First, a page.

The words “theology” and “doctrine” can make people today cringe. They bring up associations of arrogance and pride, of theological divisions that cause disharmony within the church, of “ingrow-ness” and arguments that mean little to those outside the church. In general there is a distrust that theology can actually make people more humble and more loving, a sense that “knowledge puffs up, but love edifies” and never the twain shall meet.
The great sadness of the association in people’s minds between theology and arrogance is that theology ought to make us incredibly patient, loving, and humble. After all, doesn’t Christian theology boil down to simply learning about Jesus, who perfectly embodied those characteristics? Because of this, if theology makes a person proud, the fault is in the theologian, not theology itself. There are massive spiritual resources in Christian theology that point those who would know God towards humility and love. Here are just a few:
1. The Bible teaches that each person is an object of God’s love and care. At every moment in their lives, they are the receiver of God’s good gifts. He has given them life and gladness and everything else. God patiently is leading all of us through a process realization, and continues to give his people gifts despite their misunderstandings of him. If he treats people like this with such a greater understanding of where they disbelieve and misunderstand him than we have of each other, can we not do the same?
2. Each person is made in the image of God, as such they are the bearers of glory, dignity, and honor. Our interaction with one another must always reflect that. There are no people whom we may allow ourselves to treat with disdain or contempt. As C. S. Lewis said, “Your neighbor is the most holy object presented to your senses.” As we come to understand that more and more we will not abuse one another with our knowledge. People are more than just ideas – we are people made in the image of God – and we should not view them simply through the lens of their ideas, but through the lens of their creation.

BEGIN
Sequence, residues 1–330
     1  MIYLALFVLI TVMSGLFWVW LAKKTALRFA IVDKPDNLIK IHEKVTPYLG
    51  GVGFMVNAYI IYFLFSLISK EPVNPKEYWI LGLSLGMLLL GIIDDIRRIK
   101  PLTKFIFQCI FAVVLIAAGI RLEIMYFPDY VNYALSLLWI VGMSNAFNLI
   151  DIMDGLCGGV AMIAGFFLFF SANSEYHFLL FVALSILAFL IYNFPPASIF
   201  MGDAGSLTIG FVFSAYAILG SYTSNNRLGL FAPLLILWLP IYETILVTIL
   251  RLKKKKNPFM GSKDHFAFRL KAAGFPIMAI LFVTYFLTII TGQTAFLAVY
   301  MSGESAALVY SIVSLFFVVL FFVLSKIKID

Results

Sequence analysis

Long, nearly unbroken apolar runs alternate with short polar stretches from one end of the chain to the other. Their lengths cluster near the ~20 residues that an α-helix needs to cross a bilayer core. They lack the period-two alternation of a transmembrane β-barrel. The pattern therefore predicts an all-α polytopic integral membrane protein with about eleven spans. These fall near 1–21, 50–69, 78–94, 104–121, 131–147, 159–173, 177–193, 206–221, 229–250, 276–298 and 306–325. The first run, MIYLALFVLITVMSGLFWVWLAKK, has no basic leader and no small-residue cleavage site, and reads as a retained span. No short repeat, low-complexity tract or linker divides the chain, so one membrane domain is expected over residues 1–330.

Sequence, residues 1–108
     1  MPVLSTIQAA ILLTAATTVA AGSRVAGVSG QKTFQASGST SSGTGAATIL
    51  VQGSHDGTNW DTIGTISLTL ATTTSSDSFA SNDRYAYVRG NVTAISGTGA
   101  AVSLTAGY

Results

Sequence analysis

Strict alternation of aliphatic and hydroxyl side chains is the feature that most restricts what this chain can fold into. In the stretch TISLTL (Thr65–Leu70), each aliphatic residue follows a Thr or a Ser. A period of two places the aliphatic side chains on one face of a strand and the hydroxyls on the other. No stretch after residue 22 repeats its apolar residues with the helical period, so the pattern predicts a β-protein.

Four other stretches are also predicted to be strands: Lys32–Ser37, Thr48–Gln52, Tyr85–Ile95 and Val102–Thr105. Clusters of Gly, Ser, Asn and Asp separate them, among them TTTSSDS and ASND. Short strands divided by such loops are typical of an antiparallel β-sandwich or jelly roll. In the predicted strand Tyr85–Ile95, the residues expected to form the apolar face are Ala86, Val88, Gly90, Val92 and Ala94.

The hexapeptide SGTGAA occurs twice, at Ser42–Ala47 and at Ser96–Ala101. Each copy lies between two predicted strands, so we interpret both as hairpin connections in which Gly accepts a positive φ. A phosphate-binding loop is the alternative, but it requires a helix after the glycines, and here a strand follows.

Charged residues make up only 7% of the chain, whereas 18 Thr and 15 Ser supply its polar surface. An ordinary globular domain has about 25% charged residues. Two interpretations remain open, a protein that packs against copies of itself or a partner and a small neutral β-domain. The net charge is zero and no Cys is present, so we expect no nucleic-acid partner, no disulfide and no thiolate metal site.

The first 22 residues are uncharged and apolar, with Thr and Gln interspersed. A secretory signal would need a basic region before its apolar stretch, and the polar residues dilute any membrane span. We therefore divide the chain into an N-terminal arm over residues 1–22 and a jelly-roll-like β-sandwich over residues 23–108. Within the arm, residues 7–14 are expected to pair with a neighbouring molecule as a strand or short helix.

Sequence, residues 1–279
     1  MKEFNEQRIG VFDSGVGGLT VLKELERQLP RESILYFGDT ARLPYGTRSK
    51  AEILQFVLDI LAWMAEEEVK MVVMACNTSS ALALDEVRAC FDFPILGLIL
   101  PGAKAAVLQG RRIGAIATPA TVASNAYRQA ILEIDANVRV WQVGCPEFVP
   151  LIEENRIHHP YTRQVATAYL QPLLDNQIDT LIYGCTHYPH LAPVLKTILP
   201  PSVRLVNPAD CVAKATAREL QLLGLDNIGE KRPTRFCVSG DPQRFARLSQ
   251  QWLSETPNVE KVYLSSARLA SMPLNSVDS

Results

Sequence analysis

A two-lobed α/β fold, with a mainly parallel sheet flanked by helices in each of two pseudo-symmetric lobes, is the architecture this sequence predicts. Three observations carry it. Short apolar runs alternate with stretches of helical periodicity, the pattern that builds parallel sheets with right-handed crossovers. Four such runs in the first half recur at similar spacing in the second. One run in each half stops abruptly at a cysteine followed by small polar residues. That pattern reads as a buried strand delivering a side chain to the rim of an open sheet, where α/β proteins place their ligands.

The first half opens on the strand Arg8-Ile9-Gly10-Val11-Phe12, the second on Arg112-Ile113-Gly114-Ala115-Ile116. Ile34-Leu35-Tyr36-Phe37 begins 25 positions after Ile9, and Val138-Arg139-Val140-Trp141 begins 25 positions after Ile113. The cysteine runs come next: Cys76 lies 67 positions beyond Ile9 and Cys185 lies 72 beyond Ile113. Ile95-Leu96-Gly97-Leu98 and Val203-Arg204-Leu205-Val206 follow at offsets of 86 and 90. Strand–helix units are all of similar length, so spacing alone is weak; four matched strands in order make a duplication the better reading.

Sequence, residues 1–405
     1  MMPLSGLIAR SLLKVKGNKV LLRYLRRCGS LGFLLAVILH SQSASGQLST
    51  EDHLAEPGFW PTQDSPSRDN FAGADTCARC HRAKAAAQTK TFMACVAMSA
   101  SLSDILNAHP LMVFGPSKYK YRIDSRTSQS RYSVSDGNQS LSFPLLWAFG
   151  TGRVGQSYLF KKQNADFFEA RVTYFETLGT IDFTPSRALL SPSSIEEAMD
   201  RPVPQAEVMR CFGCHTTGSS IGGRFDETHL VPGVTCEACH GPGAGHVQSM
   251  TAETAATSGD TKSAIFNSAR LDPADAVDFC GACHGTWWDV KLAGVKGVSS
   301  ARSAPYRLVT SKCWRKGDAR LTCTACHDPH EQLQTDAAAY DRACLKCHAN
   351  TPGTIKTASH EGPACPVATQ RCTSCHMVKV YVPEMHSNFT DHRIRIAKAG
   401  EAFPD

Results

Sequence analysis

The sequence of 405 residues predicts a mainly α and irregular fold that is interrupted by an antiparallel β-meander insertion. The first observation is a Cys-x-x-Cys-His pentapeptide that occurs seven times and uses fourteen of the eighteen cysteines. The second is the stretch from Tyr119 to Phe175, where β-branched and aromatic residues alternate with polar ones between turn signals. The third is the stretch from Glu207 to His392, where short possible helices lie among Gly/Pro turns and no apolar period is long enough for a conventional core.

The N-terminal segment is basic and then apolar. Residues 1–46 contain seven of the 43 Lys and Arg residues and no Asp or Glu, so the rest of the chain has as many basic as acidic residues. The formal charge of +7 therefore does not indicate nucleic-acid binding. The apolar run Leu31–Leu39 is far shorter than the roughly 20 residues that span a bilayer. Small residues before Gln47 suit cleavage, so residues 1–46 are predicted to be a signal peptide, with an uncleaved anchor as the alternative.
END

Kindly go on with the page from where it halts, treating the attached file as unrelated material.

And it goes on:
3. The gospel is essentially the story of how we also have received gifts, how everything we have has been given to us because we could not obtain it on our own. That’s what makes being proud of theological knowledge so ironic! The Bible says that even that knowledge is a gift from God, and, apart from the Spirit’s work on our lives we would not only not understand the knowledge of God, we would hate it and flee it.
4. Jesus was not short with people, rather, he became incarnate in their lives. Jesus taught people and corrected people – humble theology does not mean you release truth or the desire for people to believe truth. Jesus knew far more about where the people around him fell short than we ever will about anyone in our lives but did not see that as grounds to make them feels less than. Their misunderstandings of him drew him to them in love, not the opposite. He came to save the lost and to heal the sick. When we come across people who may grossly misunderstand the God of the Bible, it should draw us also to them in love and service, in the manner of the one who not only corrected people’s ideas through teaching, but gave his life so they might be given what they needed most desperately, himself.